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Paediatr Child Health. Mar 2006; 11(3): 151–157.
PMCID: PMC2435315

Language: English | French

Early childhood caries and infant oral health: Paediatricians’ and family physicians’ knowledge, practices and training

Preeti Prakash, BDS MSc,1 Herenia P Lawrence, DDS MSc PhD,1 Bart J Harvey, MD PhD FRCPC,2 Warren J McIsaac, MD MSc CCFP,2 Hardy Limeback, BSc PhD DDS,3 and James L Leake, DDS DDPH MSc FRCDC1

Abstract

OBJECTIVES

To assess the knowledge of early childhood caries and to examine the current preventive oral health-related practices and training among Canadian paediatricians and family physicians who provide primary care to children younger than three years.

METHODS

A cross-sectional, self-administered survey was mailed to a random sample of 1928 paediatricians and family physicians.

RESULTS

A total of 1044 physicians met the study eligibility criteria, and of those, 537 returned completed surveys, resulting in an overall response rate of 51.4% (237 paediatricians and 300 family physicians). Six questions assessed knowledge of early childhood caries; only 1.8% of paediatricians and 0.7% of family physicians answered all of these questions correctly. In total, 73.9% of paediatricians and 52.4% of family physicians reported visually inspecting children’s teeth; 60.4% and 44.6%, respectively, reported counselling parents or caregivers regarding teething and dental care; 53.2% and 25.6%, respectively, reported assessing children’s risk of developing tooth decay; and 17.9% and 22.3%, respectively, reported receiving no oral health training in medical school or residency. Respondents who felt confident and knowledgeable and who considered their role in promoting oral health as “very important” were significantly more likely to carry out oral health-related practices.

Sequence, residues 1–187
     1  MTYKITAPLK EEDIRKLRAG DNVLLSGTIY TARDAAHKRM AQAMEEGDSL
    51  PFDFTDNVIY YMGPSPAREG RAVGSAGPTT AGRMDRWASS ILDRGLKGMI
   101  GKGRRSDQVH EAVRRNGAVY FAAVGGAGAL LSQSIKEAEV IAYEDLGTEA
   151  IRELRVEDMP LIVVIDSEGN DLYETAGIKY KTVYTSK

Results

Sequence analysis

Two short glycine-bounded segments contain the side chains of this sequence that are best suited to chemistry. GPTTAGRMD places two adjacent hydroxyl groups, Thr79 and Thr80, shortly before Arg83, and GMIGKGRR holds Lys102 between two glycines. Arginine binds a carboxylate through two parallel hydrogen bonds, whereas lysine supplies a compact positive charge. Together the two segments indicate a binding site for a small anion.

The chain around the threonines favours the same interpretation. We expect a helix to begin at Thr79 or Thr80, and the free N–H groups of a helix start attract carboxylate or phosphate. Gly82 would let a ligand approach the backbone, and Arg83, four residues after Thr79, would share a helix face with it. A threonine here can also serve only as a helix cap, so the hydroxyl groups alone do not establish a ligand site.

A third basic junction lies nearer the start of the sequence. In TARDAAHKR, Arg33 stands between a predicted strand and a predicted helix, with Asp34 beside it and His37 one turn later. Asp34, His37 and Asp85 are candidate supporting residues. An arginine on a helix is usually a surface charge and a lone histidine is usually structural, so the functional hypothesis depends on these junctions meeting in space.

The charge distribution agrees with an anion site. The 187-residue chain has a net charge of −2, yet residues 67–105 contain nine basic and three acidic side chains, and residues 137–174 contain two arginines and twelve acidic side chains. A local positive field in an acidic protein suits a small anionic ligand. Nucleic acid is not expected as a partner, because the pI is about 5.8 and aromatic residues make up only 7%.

CONCLUSION

Although the majority of paediatricians and family physicians reported including aspects of oral health in children’s well visits, a reported lack of dental knowledge and training appeared to pose barriers, limiting these physicians from playing a more active role in promoting the oral health of children in their practices.

Keywords: Attitudes, Dental caries, Early childhood caries, Health knowledge, Oral health, Physicians, Practice

Résumé

OBJECTIFS

Évaluer les connaissances sur la carie dentaire dans la petite enfance et examiner les pratiques préventives et la formation actuelles en santé buccodentaire chez les pédiatres et les médecins de famille canadiens qui prodiguent des soins primaires aux enfants de moins de trois ans.

MÉTHODOLOGIE

Une enquête transversale autoadministrée a été postée à un échantillon aléatoire de 1 928 pédiatres et médecins de famille.

RÉSULTATS

Au total, 1 044 médecins respectaient les critères d’admissibilité à l’étude et, de ce nombre, 537 ont renvoyé un questionnaire rempli, ce qui a donné un taux de réponse globale de 51,4 % (237 pédiatres et 300 médecins de famille). Six questions permettaient d’évaluer les connaissances sur la carie dentaire dans la petite enfance. Seulement 1,8 % des pédiatres et 0,7 % des médecins de famille ont répondu correctement à toutes ces questions. En total, 73,9 % des pédiatres et 52,4 % des médecins de famille ont déclaré inspecter visuellement les dents des enfants; 60,4 % et 44,6 %, respectivement, ont déclaré donner des conseils aux parents ou aux gardiennes au sujet de la poussée des dents et de l’hygiène dentaire; 53,2 % et 25,6 %, respectivement, ont déclaré évaluer le risque que l’enfant développe une carie dentaire; et 17,9 % et 22,3 %, respectivement, ont déclaré n’avoir reçu aucune formation en santé buccodentaire à la faculté de médecine ou en résidence. Les répondants qui se sentaient confiants et au courant et qui jugeaient leur rôle « très important » dans la promotion de la santé buccodentaire étaient considérablement plus susceptibles d’adopter des pratiques reliées à la santé buccodentaire.

CONCLUSION

Même si la majorité des pédiatres et des médecins de famille déclaraient inclure des aspects de la santé buccodentaire dans leurs consultations auprès d’enfants en santé, une absence déclarée de connaissances et de formation en santé dentaire semblait provoquer des obstacles et empêcher ces médecins de jouer un rôle plus actif dans la promotion de la santé buccodentaire des enfants de leur pratique.